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Gold – The Beginning Of A New Trend

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     In a recent article, I suggested that gold would grind higher after reaching a bottom last month. That is precisely what’s happening. We’ve seen higher highs and higher lows, but every new high requires a subsequent consolidation. You’ll be up 10 or 12%, then off 8 or 9%. The ‘backing and filling’ that we are seeing right now is consistent with behavior you’d expect to see coming out of a bear market.

     The technical picture for gold looks strong, even with the sharp fall at the start of last week after six straight weekly gains. The price came under pressure on the opening of the US Comex market when swing traders dumped an estimated $2.3 billion of futures contracts.

     However, as metals strategist Michael Widmer at Bank of America Merrill Lynch noted  this week, those bearish bets saw very little sell off in bullish buying. In fact, the flagship Gold ETF, SPDR, added 8 tons to their holdings. He stated further that not only are gold and silver showing resilience at current prices, but comments how the recent action from ‘mercenary swap dealers with the most and largest short positioning for gold are vulnerable to a short squeeze, if the position is right…at some point, gold and silver are going to catch a tail wind strong enough that those attempting to prevent runaway breakouts could be overwhelmed.’

     Bearish traders must already be feeling the pressure in the wake of the Malaysian plane disaster, where a commercial plane was shot down flying over eastern Ukraine, killing all 298 on-board. Gold, always sensitive to geo-political upheavals, surged higher, regaining a lot of ground and is now above the key level of $1,300.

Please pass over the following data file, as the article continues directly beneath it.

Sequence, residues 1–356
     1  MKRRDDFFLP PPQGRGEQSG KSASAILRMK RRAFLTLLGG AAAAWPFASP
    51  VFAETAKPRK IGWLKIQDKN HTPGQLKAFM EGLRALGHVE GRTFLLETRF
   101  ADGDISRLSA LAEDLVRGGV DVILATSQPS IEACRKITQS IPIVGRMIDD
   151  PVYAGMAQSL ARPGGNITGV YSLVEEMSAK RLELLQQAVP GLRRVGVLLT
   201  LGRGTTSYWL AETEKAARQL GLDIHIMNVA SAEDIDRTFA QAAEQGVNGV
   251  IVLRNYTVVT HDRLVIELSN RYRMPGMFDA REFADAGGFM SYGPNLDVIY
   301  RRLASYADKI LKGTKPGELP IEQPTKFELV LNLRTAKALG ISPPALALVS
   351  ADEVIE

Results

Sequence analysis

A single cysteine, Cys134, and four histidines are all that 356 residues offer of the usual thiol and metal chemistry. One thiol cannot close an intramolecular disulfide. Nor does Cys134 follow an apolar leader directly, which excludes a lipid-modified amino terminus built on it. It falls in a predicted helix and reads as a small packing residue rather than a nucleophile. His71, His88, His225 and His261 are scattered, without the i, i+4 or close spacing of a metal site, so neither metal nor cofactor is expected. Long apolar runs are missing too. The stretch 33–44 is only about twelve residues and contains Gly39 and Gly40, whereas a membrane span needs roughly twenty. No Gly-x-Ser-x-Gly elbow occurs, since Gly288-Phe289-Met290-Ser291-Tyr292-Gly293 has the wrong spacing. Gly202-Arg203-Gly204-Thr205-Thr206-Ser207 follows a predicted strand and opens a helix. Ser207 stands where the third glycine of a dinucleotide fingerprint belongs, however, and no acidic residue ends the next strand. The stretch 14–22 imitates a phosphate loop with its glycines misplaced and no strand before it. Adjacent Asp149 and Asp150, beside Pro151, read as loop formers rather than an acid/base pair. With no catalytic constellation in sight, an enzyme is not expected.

With the blame being placed firmly on Russian-backed separatists by the EU and the US, further sanctions which were previously suggested are now almost inevitable, adding further support to the yellow metal. With Russia denying involvement and questioning the West’s lack of evidence proving its involvement in the tragedy, ISIS advancing in the Iraq Civil War and the deteriorating situation in Gaza, gold prices are well supported by geopolitical concerns.

     The latest US Federal Reserve minutes for June’s FOMC policy meeting points to further financial uncertainty. Officials agreed to end the central banks’s bond buying program in October, closing the chapter on an experiment that critics have long argued risks causing another financial bubble or excessive inflation, without giving an obvious boost to job creation. Behind the Federal Reserve’s decision to end QE sooner is the view that the economy is gradually strengthening, despite a second quarter contraction of -2.9% in growth.

     Whilst apparent that the money printing has done little to stimulate the economy as intended, and numerous indicators recently reporting higher increases in inflation than expected, it has created the fourth biggest bull market in equities since the Wall Street crash of 1929. Stocks have nearly tripled since rebounding from the financial crisis-low in early 2009. But the rise in share prices has not been driven higher by a surging economy or strengthening corporate profits. Earnings season this month so far for companies have been less than encouraging, increasing calls that equities are too expensive.

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     A recent study published in May in the US by the PEW Research Centre found stock ownership by households is shrinking, at 45%, down from more than 65% in 2002. Even with the Dow Jones Industrial Average DJIA reaching the 17,000 milestone, investors are leaving stock mutual funds, not buying them.

     The price of gold has climbed 11% this year, outpacing gains for indexes of commodities, equities and Treasuries. Investor holdings in exchange-traded products backed by the metal have rebounded as turmoil spreads in the Middle East and Eastern Europe and fear begins to re-emerge in equity markets.

     I believe prices may hold close to $1,300 before they move higher due to safe-haven buying as financial market concerns reemerge amid an escalation of geopolitical tensions.
 

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